From lobster to gambas, cigalas, squid, tallarinas and hundreds of daily catch fish, Costa Brava has taken the traditional farm to table concept and reinvented it into a heritage of boat to plate.
The best way to experience the region’s mouthwatering seafood is by doing as the locals do: visit a cala (hidden beach), where Catalonian fishermen hand off their catch of the day to the local chefs, and order a rice or suquet. The lattest is the authentic seafood stew made up of shrimp and chunks of juicy fish filet, topped with a picada sauce and garnished over potatoes.
4. Dive Into the Surreal World of Dalí
Most people figured that Salvador Dali was born in Spain, yet few know that he was a native Catalonian! Indeed, this world-famous surrealist was born in Figueres and spent most of his youth in the region.
Furthermore, the native landscapes inspired many of Dali’s works, and his Catalonian heritage meant that he remained passionate about food his whole life — he even created a surrealist cookbook titled Les dîners de Gala!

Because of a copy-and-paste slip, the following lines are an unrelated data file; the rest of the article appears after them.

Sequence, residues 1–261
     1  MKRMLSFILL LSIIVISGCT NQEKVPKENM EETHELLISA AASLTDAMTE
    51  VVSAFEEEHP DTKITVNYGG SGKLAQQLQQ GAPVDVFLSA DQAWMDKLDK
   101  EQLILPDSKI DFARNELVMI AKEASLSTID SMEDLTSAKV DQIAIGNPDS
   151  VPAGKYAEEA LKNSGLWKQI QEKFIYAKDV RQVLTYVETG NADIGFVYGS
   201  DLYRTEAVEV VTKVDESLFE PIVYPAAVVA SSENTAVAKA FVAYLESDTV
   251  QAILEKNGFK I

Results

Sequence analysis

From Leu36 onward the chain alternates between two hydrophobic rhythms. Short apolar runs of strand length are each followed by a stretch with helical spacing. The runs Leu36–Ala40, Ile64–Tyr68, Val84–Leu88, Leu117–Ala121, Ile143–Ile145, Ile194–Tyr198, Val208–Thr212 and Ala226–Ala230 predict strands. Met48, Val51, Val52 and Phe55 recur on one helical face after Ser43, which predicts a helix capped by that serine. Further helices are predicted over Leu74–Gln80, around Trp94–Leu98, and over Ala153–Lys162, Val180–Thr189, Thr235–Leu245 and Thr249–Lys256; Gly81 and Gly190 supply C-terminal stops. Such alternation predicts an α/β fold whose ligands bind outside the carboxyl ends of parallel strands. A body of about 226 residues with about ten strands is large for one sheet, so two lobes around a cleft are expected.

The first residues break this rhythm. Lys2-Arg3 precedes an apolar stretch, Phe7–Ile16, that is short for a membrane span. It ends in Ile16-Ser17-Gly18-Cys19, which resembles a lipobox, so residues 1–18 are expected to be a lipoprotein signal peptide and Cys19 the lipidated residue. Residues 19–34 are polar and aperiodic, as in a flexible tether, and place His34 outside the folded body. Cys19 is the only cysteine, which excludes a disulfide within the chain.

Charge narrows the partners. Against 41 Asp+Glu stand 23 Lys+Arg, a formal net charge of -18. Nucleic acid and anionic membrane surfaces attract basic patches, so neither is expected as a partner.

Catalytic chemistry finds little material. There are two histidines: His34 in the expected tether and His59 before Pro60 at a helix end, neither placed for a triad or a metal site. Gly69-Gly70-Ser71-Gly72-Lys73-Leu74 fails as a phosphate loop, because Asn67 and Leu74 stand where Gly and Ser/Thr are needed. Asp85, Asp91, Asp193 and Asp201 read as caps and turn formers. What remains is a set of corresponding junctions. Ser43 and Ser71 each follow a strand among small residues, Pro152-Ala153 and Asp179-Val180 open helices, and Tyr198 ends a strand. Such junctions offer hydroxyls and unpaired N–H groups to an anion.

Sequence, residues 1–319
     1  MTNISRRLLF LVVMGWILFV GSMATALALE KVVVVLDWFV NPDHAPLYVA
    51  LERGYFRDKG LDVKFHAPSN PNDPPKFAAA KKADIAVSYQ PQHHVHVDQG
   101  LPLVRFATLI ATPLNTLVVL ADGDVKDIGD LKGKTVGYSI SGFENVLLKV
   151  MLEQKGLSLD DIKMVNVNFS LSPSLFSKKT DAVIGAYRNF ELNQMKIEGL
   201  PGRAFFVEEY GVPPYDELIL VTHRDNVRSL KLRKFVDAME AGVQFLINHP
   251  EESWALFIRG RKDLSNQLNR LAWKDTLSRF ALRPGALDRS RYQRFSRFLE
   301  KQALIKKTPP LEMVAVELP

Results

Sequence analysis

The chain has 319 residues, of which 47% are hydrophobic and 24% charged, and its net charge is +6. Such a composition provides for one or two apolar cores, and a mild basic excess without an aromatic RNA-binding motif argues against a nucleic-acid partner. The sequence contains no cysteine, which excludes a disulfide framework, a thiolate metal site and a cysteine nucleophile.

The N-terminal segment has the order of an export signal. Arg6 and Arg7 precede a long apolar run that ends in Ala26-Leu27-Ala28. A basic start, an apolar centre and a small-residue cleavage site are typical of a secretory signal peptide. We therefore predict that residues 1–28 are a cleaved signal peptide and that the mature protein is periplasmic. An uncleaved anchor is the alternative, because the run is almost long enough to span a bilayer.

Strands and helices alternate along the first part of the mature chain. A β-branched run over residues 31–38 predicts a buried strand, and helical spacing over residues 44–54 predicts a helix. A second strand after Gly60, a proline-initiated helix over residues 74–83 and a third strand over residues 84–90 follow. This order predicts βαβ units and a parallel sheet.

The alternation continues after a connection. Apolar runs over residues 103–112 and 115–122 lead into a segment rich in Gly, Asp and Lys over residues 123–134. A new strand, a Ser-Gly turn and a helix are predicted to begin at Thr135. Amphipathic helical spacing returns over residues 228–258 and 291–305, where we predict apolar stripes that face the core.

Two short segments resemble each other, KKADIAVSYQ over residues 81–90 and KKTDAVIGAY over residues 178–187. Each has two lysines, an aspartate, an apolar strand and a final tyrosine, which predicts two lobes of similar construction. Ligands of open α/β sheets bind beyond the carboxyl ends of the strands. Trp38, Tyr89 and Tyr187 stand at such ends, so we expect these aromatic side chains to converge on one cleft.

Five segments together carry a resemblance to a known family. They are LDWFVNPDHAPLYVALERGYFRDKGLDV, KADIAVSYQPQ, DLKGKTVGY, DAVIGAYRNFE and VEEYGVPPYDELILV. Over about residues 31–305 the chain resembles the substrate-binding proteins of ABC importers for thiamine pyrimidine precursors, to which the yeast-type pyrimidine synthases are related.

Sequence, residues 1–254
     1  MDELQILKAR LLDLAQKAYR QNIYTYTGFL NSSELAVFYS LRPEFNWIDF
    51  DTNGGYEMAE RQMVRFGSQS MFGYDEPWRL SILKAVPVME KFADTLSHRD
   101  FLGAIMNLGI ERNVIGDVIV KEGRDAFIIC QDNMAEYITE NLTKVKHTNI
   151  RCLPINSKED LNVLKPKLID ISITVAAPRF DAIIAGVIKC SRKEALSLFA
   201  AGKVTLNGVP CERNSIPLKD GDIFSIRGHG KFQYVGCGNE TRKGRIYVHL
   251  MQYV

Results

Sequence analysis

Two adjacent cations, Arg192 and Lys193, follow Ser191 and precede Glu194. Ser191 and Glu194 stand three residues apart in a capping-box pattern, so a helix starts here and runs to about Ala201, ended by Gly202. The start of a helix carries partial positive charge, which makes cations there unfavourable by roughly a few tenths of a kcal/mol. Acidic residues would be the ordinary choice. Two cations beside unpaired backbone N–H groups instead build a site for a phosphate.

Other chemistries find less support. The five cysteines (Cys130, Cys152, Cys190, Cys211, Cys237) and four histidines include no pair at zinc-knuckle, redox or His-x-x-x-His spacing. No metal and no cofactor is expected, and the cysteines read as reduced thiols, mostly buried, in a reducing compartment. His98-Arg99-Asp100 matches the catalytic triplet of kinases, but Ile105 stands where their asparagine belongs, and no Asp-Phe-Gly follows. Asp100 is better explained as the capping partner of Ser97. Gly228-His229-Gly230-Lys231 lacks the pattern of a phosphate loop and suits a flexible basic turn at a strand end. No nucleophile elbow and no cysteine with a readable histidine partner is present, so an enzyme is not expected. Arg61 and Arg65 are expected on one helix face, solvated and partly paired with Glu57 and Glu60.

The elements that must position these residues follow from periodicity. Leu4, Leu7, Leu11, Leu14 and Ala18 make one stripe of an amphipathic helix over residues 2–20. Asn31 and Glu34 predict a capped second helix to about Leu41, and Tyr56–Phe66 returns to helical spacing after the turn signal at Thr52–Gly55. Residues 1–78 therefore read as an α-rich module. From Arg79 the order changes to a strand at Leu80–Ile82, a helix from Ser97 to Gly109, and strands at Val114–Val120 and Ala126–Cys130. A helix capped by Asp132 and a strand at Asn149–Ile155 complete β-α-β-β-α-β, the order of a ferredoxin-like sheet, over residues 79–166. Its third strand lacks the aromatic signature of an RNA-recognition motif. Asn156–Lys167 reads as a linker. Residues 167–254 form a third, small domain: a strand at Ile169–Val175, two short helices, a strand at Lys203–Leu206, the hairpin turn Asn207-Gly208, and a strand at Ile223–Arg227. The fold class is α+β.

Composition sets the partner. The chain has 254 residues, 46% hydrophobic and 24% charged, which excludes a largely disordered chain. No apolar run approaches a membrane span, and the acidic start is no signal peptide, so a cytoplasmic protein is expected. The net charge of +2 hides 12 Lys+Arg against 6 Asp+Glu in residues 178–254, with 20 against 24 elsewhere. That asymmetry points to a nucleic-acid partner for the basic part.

Dali aficionados and foodies alike will find the best of both worlds in the artist’s birthplace: Figueres is home to the Dali Theatre Museum, which houses more than 1,500 paintings, sculptures, photos, and other artwork made by the surrealist.
After enjoying a day of culture and creativity, be sure to visit the Castell de Perelada, just a few minutes’ drive from the museum. Besides its stunning architecture, this castle has been producing wine for hundreds of years — including Dali’s favorite sparkling rosé
5. Cadaqués: Immerse Yourself in the Mediterranean Lifestyle
There’s no better place to get a taste of authentic Catalonian culture than a trip to the charming town of Cadaqués. It has a little bit of everything, from ornate buildings to gastronomic delights, a laid back atmosphere, and, of course, the Mediterranean coastline.